In order to understand operation of the accelerometer illustrated at FIGS. 2 and 3, reference is made to the illustrative sketch of FIG. 4. As illustrated therein, when an acceleration force G is applied in the direction illustrated by arrow 46, proof masses 20 and 22 are rotated through angles A1 and A2. The proof masses rotate about substrate 18 by virtue of the flexure hinges 24 and 26 provided in the structure. In the arrangement of the embodiment illustrated in FIGS. 2-4, resonators 28 and 30 are provided on opposite sides of the substrate 18. Thus, acceleration in a given direction results in a tensile stress in resonator 28 and in a compressive stress in resonator 30.
Whether electrostatic is piezoelectric resonators are used, the opposing (compressive and tensile) nature of the stresses induced in the two resonators causes opposite variations in the frequencies of oscillations thereof. Thus, for illustrative purposes, the frequency of resonator 28 is increased and the frequency of resonator 30 is decreased. Accordingly, if the natural, unstressed, frequencies of resonators 28 and 30 differ by a predetermined constant, or are equal, then a response of the accelerometer to the application of an acceleration G thereto is an increase in frequency of one resonator and a decrease in the frequency of the other resonator.
Thus, the difference between the two frequencies yields a single measurement signal, having a frequency differing from a value representing the differences between the frequencies of the unstressed resonators by a frequency which is dependent upon the applied acceleration force. As a result, the magnitude and direction of the applied force may be measured by a simple measurement of the frequency of the difference signal.
Such a push-pull arrangement is routinely used in conventional vibrating beam accelerometers and provides an increased sensitivity and a reduced drift of the accelerometer, in comparison to single proof mass and single resonator structures.
The arrangement selected for the embodiment of FIG. 3 shows that acoustic motion of the resonators may both be sensed and excited electrostatically. By integrating the oscillator electronics needed to provide drive and sensing functions for the embodiment into a single assembly, such electrostatic sense and drive functions may be incorporated it he accelerometer. As a result, not only is the size of the instrument reduced, but so, too, are the stray capacitance, electromagnetic radiation and thermal gradients, all of which are sources of measurement error.
Referring now to FIGS. 5(a)-5(d), there is shown therein one of the methods which may be used to build the inventive structure.
Specifically, at a first step, shown in FIG. 5(a), a doubly polished (100) silicone wafer 48 is patterned with a protective coating of silicon dioxide or silicon nitrite, shown at 50. The pattern transferred to coating 50 outlines the top surface of the torsional resonator. The region under the resonator image is doped with a high level of boron in a diffusion step (not shown), carried out in a diffusion furnace as is known in the art of integrated circuit manufacture. Upon completion of the diffusion process, protective coating 50 is chemically removed, resulting in the post-diffusion substrate profile shown at FIG. 5(b). Therein, the portion of the upper surface of the silicon substrate which is doped with boron is shown at 52.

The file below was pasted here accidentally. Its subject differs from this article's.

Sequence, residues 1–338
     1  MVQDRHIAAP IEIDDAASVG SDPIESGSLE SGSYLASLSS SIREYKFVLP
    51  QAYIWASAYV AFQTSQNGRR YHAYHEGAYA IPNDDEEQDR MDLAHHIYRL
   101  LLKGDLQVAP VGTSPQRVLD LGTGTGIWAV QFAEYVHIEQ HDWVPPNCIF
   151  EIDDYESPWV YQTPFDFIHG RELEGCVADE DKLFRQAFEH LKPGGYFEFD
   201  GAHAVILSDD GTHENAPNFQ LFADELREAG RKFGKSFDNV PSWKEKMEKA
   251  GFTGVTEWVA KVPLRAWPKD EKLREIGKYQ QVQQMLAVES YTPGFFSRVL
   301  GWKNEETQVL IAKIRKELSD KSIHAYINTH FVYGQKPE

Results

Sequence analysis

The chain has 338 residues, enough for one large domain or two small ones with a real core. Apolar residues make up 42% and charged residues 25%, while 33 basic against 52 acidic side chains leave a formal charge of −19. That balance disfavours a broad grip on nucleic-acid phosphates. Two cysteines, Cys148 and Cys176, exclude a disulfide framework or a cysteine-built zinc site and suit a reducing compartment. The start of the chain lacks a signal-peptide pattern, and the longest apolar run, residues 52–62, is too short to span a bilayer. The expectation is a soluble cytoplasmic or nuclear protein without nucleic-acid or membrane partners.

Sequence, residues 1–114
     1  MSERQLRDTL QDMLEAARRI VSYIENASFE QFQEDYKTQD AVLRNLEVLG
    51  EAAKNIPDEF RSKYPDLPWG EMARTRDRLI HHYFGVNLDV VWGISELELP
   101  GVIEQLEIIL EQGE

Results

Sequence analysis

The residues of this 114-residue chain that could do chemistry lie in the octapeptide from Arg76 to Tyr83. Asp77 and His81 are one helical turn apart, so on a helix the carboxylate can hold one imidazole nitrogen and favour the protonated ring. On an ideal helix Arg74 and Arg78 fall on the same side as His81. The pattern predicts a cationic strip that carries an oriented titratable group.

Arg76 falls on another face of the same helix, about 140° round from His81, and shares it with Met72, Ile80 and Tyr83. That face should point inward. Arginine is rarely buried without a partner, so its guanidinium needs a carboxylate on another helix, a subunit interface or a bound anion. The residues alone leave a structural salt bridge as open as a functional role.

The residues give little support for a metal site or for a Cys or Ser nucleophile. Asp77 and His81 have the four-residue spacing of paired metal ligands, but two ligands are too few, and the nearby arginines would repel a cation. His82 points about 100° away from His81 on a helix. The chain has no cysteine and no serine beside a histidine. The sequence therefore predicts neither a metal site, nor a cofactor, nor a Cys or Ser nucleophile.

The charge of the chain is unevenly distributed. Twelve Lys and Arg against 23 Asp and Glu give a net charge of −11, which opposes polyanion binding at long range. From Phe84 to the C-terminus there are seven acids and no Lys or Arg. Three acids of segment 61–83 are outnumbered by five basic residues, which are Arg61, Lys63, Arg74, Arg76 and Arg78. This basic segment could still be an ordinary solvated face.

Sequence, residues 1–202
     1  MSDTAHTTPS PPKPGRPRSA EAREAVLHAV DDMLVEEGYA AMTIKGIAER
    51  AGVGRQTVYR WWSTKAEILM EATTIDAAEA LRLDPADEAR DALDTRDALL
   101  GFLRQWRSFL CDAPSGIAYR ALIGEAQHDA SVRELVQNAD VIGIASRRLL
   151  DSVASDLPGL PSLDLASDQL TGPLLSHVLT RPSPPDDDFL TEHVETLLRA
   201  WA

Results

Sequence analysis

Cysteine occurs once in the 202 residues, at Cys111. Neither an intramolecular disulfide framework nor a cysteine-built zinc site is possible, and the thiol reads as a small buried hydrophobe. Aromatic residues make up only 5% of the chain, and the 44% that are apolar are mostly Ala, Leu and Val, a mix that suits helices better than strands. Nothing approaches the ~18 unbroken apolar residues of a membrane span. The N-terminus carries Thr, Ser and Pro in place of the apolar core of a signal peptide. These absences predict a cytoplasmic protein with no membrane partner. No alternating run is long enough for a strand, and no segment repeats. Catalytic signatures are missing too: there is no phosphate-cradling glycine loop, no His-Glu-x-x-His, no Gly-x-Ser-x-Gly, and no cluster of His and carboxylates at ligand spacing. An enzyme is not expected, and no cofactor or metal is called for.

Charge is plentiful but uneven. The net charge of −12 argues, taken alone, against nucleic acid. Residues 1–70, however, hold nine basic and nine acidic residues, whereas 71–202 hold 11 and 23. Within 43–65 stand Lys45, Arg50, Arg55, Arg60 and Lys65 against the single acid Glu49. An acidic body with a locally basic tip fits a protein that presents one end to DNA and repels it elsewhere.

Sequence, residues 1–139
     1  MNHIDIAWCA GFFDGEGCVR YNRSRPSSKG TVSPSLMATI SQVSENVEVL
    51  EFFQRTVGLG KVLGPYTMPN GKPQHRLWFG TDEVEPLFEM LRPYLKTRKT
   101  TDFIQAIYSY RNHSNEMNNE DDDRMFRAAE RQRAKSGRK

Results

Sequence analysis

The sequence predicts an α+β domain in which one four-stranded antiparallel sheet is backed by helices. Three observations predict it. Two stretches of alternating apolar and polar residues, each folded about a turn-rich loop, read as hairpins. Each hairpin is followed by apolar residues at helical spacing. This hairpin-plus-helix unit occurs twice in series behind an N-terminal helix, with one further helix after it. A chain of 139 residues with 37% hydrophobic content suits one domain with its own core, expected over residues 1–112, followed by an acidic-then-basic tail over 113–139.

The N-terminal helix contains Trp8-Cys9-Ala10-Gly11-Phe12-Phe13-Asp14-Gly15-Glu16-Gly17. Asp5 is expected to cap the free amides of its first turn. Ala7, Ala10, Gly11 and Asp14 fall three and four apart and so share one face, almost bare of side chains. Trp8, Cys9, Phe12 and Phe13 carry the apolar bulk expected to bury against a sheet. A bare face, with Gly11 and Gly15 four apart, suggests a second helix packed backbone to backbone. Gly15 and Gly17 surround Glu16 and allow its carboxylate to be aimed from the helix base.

Thereafter, a second protective coating is deposited onto the wafer, and a second pattern is transferred thereto. As seen in FIG. 5(c), the second coating 54 is deposited onto both the top and bottom surfaces of the substrate. The top and bottom boundaries of each proof mass are defined by patterns 56 and 58, respectively.
The wafer is thereafter preferentially etched in a solution of KOH and the protective coating chemically removed. The post-etch assembly is shown in FIG. 5(d). As illustrated therein, a proof mass 60 is connected by a flexure hinge 62 and resonator 64 to the main body portion 18 of the chip. Further, the proof mass 60 is separated at 66 from the adjacent structure 68 formed on the wafer.
Because of the highly an isotropic etch rates of silicon in KOH, with respect to substrate doping and crystal orientation, proper design and aligning of the lithographic patterns transferred at FIGS. 5(a) and 5(c) permits the chemical definition of the monolithic proof mass/resonator structure in a single etching process.
Appropriate design and alignment techniques will be readily apparent, in view of the foregoing description, to one of ordinary skill in the art of fabrication of microelectronic circuits. Moreover, since the steps hereinabove described are routinely used in fabrication of microelectronic circuits, additional processing steps needed to integrate the electronic components into the substrate may be easily added to the sequence of operations illustrated in FIGS. 5(a)-5(d).
Typical prior art, full-size, accelerometers of the vibrating beam variety hereinabove described operate at a resonator frequency of approximately 40 kHz and exhibit a dynamic range of 107. In view of the smaller dimensions attainable by utilizing integrated circuit technology as hereinabove described, the frequency of operation of a silicon integrated resonator may be as high a several GHz.
Referring now to FIG. 6, there is shown an electrostatic torsional resonator, etched between a proof mass and the main body of the accelerometer in accordance with the preceding description.